So: an example in daily life would be that if you are navigating, there is no need to attached to any particular map. A map of Nashville is useful only if you are in Nashville, not Miami. And, for that matter, each map of Nashville will have certain flaws, and has to leave things out. Some show you where roads are; some show population density; some show tourist attractions, etc. Nothing can show it all, because the only truly accurate 3-D map of the city is the city itself, and that is too big to carry around in your pocket.

In investing, an example is the different ways of valuing the stock market as a whole. To pick just a few interesting ones, there is the Shiller 10-year P/E, the ratio of market value to GNP, and the ratio of market value to replacement value (Tobin's q). You can look at each of these assuming that alternative investments in the bond market are rationally priced, or you can assume that bonds may be mis-priced as well. The key is having some sense of the insights and limitations that characterize each method.

Wednesday, November 4, 2015

The Other Shoe

My quick-witted friend, Josh May, is a close student of central bank policy in the US and abroad. More than once, he has opened my eyes to something that I was missing.

I told him recently that the side effects of years of super-easy money are not known yet, and that I am expecting the other shoe to drop, some day. This seems, to me, like a pretty safe bet.

He replied, “What if the guy upstairs only has one leg?”

I still think a central bank has two, but, hmmm...

Saturday, October 31, 2015

Quote of the Day: Science is Not Advanced by Polling

But such exercises are futile: science is not advanced by polling. If it were, we would still be releasing phlogiston to burn logs and navigating the sky with geocentric maps.
E.O. Wilson, in this NYT piece from 2012.

Wednesday, October 7, 2015

Is monetary policy a science?

No, it's not. So says William White, in an interview earlier this year.

White is the formerly the head economist at the Bank for International Settlements, in Basel.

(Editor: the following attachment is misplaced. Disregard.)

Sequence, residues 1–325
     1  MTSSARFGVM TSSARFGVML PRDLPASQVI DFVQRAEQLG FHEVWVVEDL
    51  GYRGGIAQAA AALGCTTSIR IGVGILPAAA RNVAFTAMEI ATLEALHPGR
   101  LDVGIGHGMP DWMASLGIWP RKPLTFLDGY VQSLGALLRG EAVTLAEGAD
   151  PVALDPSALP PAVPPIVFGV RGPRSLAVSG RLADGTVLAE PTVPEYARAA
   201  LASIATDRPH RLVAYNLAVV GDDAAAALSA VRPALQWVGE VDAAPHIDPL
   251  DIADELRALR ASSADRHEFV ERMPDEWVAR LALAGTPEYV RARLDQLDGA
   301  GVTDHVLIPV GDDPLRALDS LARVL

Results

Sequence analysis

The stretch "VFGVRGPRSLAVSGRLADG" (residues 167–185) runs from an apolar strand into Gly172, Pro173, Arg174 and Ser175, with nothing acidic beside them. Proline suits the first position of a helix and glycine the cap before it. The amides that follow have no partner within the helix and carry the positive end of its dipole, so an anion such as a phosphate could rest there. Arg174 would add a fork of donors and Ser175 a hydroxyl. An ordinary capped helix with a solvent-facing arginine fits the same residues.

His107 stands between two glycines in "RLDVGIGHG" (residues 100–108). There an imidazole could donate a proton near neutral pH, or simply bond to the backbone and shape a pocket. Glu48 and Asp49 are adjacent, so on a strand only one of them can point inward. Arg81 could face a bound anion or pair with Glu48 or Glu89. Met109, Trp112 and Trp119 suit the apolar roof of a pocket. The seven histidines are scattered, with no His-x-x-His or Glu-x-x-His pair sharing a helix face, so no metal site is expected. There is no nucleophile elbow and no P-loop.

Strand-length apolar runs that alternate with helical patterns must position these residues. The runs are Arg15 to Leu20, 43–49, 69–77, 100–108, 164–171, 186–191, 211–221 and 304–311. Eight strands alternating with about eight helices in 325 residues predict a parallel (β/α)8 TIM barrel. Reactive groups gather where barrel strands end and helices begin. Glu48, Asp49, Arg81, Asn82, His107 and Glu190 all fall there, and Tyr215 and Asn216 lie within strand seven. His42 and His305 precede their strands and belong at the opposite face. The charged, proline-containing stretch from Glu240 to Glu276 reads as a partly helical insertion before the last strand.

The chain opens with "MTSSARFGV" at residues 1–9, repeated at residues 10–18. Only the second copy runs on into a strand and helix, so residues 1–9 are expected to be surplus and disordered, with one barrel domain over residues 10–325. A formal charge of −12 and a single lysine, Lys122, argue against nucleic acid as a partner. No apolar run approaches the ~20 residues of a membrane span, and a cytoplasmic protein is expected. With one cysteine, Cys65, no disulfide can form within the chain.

Read the whole thing, but here is a short excerpt:
What would help to improve monetary policy? 
I’ve become more and more convinced that the fundamental problem with the central banks – and for that matter with the broader economic community – is this insistence that the economy is a kind of machine that you can describe with many equations.
The reality is, that the economy is a complex adaptive system. Like a forest. The distinction between the monetarists and the Keynesians is nothing compared to this. The difference between all of these models and the kind of insights that you get from working with economies as complex adaptive systems are totally different. That is not yet accepted. 
How does a complex adaptive system function?
If you accept this complexity, then you have to accept a number of things that most central banks have not yet fully incorporated into their thinking. One of them is: these systems break down all the time. If the economy is the most complex adaptive system that mankind has ever created, it will break down on a regular basis. 
Historically it has broken down on a regular basis. And, like the boy scouts, we should be prepared for it. Fact of the matter is, when we went into this crisis, we were not prepared for it. And it’s not much better now. There was no bank insolvency regime, no deposit insurance, no memorandum of understanding – all these things that should have been in place, but they just weren’t.